Valley Pearl Oysters: Fullfilling a Lifelong Dream
Jeff Noyes is a man with a dream. A shucker’s dream. He is happy to say that he is doing exactly what he wants to do in life. After 15 years heading up his hometown’s oyster festival, he’s created an oyster tasting room and bar, in Tyne Valley, PEI.
We visited Noyes and his partner, Damien Enman, who have been working on their new oyster tasting room at Valley Pearl Oysters above their processing plant.
Jeff showed us a $150,000 machine that sorts the bivalves by weight and size. I asked him about the $1 oysters offered at a popular Charlottetown watering hole. “They would sell the stuff that we reject,” he said, “see how it’s got some worm in the shell? That’s fungus, and that’s why it’s a buck. That makes the shell softer and so it chips off and it gets into the meat.”
Jeff and a team of fellow shuckers won a Guinness Book of World Records trophy a few years ago for the most oysters shucked in one hour, a whopping 8,000 of them, which were all fried up and sold at the festival.
The plaque sits up on a shelf, with a few other trophies proving their shucking prowess.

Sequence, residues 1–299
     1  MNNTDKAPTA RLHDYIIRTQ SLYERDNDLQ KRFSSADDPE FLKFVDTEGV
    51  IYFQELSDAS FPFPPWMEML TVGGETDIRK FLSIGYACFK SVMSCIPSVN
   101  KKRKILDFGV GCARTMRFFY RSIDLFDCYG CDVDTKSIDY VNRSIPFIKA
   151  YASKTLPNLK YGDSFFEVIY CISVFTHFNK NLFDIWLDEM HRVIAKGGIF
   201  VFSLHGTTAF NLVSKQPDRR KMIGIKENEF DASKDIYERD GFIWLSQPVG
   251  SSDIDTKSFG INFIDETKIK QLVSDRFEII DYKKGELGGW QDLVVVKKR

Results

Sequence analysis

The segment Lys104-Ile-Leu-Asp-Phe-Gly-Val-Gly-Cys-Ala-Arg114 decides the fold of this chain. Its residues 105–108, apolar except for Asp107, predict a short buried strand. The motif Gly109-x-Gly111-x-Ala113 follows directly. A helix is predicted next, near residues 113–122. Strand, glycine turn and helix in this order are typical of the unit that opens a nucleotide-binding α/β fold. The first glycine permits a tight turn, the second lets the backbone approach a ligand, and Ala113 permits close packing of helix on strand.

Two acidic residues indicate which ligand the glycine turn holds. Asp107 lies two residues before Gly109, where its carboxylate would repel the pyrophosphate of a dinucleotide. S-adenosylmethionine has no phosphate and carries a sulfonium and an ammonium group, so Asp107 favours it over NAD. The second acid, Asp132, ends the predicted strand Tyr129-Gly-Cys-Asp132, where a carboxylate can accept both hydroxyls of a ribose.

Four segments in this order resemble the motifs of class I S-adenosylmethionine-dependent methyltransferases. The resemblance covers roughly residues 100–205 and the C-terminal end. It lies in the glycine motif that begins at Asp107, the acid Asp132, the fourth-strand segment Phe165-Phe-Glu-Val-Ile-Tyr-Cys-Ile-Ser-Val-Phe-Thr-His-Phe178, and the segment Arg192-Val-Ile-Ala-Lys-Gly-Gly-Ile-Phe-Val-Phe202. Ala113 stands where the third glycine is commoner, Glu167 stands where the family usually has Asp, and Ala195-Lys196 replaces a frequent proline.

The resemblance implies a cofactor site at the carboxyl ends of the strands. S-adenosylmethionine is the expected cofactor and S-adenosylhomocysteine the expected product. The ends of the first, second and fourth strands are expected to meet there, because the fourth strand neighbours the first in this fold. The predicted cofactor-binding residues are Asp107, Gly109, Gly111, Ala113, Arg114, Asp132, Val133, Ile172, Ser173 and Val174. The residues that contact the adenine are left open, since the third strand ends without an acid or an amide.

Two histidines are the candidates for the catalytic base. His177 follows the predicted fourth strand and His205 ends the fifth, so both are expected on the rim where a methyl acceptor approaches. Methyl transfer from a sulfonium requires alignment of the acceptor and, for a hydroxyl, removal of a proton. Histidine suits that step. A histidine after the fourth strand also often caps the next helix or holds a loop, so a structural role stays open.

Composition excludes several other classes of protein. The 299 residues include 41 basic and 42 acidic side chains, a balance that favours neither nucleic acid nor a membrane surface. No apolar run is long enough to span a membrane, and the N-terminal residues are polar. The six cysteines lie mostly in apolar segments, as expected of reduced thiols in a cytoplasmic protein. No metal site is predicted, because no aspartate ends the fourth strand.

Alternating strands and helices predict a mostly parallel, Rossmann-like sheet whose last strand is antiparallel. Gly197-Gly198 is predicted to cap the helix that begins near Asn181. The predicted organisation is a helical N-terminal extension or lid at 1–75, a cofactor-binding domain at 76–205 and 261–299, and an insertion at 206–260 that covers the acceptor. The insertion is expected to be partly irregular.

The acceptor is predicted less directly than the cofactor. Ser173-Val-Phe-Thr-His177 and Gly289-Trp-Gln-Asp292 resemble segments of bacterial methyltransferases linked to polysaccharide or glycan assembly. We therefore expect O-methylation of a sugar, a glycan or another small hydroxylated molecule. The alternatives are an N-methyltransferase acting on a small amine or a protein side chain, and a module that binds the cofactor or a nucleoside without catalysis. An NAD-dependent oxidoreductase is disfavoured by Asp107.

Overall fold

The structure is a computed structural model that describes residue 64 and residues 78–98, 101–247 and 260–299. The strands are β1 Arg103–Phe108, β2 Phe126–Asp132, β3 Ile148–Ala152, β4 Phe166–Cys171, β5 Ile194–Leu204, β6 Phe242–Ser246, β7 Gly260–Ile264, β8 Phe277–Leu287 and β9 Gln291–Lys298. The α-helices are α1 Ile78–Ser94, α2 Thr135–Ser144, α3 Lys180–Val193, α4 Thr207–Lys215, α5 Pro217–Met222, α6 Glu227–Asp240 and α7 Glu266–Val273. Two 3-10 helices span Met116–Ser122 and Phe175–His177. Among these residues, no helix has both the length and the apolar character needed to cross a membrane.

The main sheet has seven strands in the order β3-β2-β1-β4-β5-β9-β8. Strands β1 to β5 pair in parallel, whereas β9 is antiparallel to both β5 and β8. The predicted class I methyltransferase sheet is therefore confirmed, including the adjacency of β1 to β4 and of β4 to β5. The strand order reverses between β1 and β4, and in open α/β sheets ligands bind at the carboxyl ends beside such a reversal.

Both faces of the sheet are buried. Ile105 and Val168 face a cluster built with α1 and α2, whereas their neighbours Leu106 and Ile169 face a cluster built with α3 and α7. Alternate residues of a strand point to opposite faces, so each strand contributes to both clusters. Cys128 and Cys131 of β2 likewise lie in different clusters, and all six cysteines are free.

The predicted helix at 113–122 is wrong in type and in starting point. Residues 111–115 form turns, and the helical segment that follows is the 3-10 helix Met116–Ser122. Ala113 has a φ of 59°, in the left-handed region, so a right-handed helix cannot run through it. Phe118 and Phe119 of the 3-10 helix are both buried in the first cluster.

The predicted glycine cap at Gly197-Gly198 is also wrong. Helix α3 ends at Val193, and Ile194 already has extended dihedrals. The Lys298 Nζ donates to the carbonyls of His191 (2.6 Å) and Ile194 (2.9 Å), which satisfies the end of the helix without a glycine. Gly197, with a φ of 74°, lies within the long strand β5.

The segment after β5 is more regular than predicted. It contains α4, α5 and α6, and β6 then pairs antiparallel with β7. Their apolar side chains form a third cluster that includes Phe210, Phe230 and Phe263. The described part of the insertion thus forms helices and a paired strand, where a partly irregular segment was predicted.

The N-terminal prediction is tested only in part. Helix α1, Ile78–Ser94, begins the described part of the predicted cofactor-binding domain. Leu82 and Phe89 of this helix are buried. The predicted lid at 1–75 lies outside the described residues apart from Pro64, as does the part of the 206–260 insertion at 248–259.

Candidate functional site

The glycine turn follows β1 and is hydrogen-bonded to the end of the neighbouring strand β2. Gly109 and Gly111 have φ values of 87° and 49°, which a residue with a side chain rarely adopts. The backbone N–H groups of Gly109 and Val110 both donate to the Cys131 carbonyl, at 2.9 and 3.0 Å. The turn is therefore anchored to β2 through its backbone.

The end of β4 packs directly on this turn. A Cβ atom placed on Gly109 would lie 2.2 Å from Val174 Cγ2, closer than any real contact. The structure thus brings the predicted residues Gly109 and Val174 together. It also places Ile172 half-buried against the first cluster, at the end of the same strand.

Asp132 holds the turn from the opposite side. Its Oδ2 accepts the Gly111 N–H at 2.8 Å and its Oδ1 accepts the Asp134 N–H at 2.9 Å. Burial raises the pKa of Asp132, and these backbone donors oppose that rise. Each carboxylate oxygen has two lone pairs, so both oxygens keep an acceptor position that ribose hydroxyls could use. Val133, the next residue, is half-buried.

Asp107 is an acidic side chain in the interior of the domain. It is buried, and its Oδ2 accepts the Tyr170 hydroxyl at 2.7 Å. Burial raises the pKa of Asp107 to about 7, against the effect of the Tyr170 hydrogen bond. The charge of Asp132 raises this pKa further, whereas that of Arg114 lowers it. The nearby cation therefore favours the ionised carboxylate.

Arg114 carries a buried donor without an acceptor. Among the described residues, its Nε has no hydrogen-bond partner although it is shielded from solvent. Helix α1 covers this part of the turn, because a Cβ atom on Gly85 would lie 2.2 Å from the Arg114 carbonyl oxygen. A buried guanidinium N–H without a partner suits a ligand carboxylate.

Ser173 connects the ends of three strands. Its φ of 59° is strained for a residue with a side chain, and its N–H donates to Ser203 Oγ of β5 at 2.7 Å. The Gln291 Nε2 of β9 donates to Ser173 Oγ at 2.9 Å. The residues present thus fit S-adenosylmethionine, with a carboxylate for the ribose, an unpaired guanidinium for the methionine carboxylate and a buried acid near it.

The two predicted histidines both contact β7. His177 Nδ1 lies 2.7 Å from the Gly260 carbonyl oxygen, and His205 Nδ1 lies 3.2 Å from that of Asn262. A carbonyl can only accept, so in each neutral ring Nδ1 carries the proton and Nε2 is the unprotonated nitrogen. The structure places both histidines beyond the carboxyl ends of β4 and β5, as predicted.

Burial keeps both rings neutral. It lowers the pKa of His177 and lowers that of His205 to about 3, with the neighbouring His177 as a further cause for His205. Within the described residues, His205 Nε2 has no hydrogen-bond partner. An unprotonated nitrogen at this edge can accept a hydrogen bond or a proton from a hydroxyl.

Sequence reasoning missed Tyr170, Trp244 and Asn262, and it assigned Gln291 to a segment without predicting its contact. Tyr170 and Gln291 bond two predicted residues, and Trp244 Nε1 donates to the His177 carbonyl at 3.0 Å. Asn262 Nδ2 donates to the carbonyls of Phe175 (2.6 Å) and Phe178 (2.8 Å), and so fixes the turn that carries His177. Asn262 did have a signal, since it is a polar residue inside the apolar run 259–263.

Jeff’s oysters come from Malpeque, the bay where Tyne Valley is located. Unlike other oyster producers, these oysters are not farmed in rows with baskets, instead, they are harvested from the bottom, scraped up from the seabed with a long-handled set of tongs. Though like other oyster operations, these are seeded, they grow much larger sitting on the bottom instead of in the rubber bags used by other oyster farms.
These entrepreneurs almost didn’t get their business license, after a clueless bureaucrat in Charlottetown said that ‘oysters weren’t an appropriate use in Tyne Valley.’ Jeff got his neighbors and friends to chime in since Tyne Valley IS all about oysters– it’s the home of the big annual oyster festival. The decision was quickly overturned and the building began. The pair said they’ll be open for oyster tasting with local craft beer on tap later this summer.